LONDON: Mayor of London Sadiq Khan has revealed that police will “significantly” increase the use of stop and search to tackle soaring knife crime on London’s streets. The Mayor promised a “tougher crackdown” this year with the Met “ramping up” the fight against violent crime. It comes on the day that an 18-year-old died in hospital after being beaten in a fight in Chislehurst last night. New figures also showed that the number of violent acid attacks in London has soared by more than 78 per cent over the last two years with a huge increase in the number of victims.
Mr Khan said more intelligence-led stop and search was a “vital tool” to keeping the capital’s communities safe. The Mayor has been under intense pressure over his record on knife crime since New Year, when four young Londoners were stabbed to death in unrelated incidents. The pledge to step up stop and search represents a shift in position from Mr Khan who promised before he was elected to “do all in my power” to drive down the controversial tactic. City Hall insiders said he still had concerns about its dramatic effect on communities, with public confidence in the police undermined if Londoners are stopped and searched for no good reason. Met Commissioner Cressida Dick has said that more stop and search could help reduce knife crime while many frontline officers believe its decline has been a factor in the recent knife crime epidemic. Senior officers and City Hall also hope that the rollout of body-worn cameras will give the public more confidence that the tactic is being used properly and protect against accusations of racism and unfairness.
Writing in the Standard, Mr Khan said: “The Met Commissioner, Cressida Dick, and I are in full agreement that the Met must continue to ramp up their fight against violent crime. “Londoners will see a tougher crackdown throughout 2018. This will include a significant increase in the use of targeted stop and search by the police across our city”. The Mayor, who was stopped and searched himself as a teenager growing up in South London, added: “I know from personal experience that when done badly, stop and search can cause community tensions.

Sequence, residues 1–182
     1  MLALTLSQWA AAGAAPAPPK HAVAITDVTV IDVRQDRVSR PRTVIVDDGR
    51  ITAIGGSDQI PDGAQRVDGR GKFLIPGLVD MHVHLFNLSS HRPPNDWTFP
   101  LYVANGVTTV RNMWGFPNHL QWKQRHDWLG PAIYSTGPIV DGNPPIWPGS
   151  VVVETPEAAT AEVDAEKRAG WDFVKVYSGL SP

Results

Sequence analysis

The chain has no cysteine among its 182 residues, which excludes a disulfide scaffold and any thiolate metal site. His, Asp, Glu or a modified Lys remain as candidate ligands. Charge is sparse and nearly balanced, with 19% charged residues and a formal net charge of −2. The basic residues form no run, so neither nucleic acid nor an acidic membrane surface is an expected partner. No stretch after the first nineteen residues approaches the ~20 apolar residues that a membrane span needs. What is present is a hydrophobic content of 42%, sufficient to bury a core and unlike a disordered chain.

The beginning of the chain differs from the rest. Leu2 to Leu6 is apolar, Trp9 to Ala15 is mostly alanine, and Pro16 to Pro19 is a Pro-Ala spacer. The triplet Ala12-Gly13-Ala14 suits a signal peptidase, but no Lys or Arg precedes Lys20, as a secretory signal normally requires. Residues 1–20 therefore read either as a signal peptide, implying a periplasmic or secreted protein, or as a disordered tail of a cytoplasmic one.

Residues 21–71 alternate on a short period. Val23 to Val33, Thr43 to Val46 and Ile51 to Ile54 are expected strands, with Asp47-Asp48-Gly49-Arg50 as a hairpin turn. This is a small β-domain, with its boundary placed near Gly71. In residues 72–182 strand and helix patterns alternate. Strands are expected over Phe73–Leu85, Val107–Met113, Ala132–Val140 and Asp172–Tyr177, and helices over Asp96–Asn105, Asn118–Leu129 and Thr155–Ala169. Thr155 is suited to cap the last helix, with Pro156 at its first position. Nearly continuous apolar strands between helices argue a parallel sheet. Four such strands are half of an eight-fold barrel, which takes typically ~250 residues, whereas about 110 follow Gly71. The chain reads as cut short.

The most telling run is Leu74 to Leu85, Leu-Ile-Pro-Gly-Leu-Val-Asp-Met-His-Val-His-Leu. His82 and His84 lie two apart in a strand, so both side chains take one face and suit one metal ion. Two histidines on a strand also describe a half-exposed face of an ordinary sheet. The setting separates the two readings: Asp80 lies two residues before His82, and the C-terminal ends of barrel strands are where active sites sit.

“But when based on real intelligence, geographically focused and performed professionally, it is a vital tool for the police to keep our communities safe. “It will allow the police to target and arrest offenders, take the weapons they carry off our streets and stop these attacks from happening.” The Met dramatically reduced the number of random stop and searches in 2012 in an effort to improve relations with black and ethnic minority communities. The Home Office is still putting pressure on police chiefs to reform the practice after the latest figures showed that nationwide black people were dramatically more likely to be targeted by officers than white people.